Written by Grace Kalac – Runner’s Tribe – Reporting from the Gold Coast

In thrilling fashion, Nick Hough has lit up Carrara Stadium with a bronze medal performance in the men’s 110 metre hurdles.

Hough, who finished an agonising fourth at the Glasgow Games, shaved 0.04 off his three-year-old personal best to snag his first senior medal at a major championships. He crept up on Jamaicans Ronald Levy (gold, 13.19) and Hansle Parchment (silver, 13.22) as he stormed home for third.

Despite a messy race, in which he says he “clobbered hurdles harder than I’ve ever clobbered hurdles in my life,” Hough said there was no way a few mishaps was going to stop him.

“I knew I could do it but I certainly didn’t expect to do it. I know that I run well under pressure, just with nerves, and there were so many nerves. That crowd was awesome,” he said.

In an event where technique varies greatly between athletes, Hough admitted post-race that his unique hurdling technique is far from perfect.

“I’m much more a powerful athlete, I’m not quite as flexible as the others, don’t have quite as much technique, but my power makes up for it,” he said.

“The good thing about technique is that you can actually work on it over time. Some of the other guys that might not necessarily have the speed really have to have perfect technique. But for me, I still have that room for improvement.”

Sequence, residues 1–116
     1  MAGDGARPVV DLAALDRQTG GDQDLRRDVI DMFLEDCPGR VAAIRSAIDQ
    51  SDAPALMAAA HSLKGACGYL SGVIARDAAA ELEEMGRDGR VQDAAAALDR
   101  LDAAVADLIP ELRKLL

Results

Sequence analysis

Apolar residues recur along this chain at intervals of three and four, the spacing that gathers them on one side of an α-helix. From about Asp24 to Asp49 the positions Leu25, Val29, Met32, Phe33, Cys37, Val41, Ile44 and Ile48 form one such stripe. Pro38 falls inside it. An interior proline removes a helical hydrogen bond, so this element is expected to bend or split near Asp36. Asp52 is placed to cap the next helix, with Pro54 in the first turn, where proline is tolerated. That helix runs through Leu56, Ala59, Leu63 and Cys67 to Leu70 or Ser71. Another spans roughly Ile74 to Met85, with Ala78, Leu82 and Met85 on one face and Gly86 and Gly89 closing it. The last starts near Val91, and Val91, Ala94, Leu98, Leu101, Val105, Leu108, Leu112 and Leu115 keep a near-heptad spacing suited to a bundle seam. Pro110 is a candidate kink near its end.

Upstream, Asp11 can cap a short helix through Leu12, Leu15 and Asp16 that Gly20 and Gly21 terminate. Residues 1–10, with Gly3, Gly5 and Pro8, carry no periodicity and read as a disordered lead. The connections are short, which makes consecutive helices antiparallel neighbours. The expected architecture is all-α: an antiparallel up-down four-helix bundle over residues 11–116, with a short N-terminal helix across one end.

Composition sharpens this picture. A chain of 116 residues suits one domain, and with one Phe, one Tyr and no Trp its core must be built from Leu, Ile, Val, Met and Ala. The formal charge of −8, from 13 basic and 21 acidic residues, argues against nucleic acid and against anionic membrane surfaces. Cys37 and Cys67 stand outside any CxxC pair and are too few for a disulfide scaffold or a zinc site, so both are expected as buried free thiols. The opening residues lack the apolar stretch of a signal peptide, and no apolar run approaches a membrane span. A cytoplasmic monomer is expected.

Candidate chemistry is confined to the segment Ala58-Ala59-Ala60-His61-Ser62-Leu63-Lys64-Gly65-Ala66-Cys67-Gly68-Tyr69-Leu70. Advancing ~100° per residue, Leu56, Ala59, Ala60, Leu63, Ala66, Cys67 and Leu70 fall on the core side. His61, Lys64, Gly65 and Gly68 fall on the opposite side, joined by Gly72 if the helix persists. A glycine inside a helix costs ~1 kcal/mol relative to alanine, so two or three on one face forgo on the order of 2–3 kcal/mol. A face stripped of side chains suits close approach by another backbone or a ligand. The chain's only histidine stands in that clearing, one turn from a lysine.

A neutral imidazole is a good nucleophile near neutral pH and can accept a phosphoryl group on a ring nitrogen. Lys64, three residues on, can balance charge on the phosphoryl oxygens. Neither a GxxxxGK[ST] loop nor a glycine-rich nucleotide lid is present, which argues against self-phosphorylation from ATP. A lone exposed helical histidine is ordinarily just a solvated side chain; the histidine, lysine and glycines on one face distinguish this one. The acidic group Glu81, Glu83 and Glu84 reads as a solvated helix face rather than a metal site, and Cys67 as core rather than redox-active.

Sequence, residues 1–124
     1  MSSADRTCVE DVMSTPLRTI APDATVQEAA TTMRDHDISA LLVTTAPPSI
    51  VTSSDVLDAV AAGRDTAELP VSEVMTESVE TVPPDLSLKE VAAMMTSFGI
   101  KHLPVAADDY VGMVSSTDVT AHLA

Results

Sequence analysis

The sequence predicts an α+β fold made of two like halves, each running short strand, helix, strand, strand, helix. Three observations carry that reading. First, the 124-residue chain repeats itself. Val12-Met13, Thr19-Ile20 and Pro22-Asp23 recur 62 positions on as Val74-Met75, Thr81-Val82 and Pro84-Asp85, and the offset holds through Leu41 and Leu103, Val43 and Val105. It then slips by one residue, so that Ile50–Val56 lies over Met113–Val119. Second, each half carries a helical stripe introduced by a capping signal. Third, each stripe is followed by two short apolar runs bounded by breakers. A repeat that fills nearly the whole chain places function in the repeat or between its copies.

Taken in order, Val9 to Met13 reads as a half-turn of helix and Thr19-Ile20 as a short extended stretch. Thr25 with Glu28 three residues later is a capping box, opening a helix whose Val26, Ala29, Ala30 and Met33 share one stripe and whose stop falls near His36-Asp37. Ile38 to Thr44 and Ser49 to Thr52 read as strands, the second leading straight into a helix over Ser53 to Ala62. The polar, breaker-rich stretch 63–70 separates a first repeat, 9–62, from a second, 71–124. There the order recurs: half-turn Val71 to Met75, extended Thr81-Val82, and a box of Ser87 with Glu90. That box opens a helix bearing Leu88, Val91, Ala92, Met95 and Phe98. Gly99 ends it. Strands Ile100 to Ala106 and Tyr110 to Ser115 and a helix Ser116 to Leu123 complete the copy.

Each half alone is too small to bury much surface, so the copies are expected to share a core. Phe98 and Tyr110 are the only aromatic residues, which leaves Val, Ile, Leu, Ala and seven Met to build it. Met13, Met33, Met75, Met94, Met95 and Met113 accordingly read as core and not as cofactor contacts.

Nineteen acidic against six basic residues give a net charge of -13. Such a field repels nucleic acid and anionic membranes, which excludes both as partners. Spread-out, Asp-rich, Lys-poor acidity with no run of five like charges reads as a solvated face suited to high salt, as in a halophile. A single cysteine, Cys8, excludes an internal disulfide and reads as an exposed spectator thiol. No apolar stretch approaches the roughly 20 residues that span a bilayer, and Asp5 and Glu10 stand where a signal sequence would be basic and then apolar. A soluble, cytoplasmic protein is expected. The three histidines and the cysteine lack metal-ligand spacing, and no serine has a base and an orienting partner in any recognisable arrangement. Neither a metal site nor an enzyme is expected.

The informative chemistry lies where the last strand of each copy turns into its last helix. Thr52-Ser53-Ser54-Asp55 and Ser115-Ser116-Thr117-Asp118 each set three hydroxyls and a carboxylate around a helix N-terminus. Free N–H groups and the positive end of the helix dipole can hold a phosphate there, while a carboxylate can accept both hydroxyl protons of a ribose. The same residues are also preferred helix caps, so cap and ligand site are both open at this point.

While the medal represents his first piece of bling at an major senior championship, Hough achieved a wealth of success as a junior. He claimed a gold at the Youth Olympics in 2010 and a silver at the 2012 World Junior Championships.

“So I’ve got the set. Now I’d like to work back the other way over the next few major comps,” he said.

The 24-year-old said he hopes the career-best performance will evoke funding opportunities.

“I’ve got limited sponsors and no monetary funding. I have my own business on the side which is how I make ends meet but too be honest I make a loss from my athletics at the moment. So hopefully a medal like this can get some sponsors on board,” he said.

It had been a whooping 32 years since an Australian won a Commonwealth Games medal. In similar style, it was the bronze that Don Wright took home the bronze at the Edinburgh 1986 Games.

I almost cried when I saw the time and realised what it mean. I blocked out my body and just listened to the crowd. I’m not riding anything off, I think I’ve got a lot left in me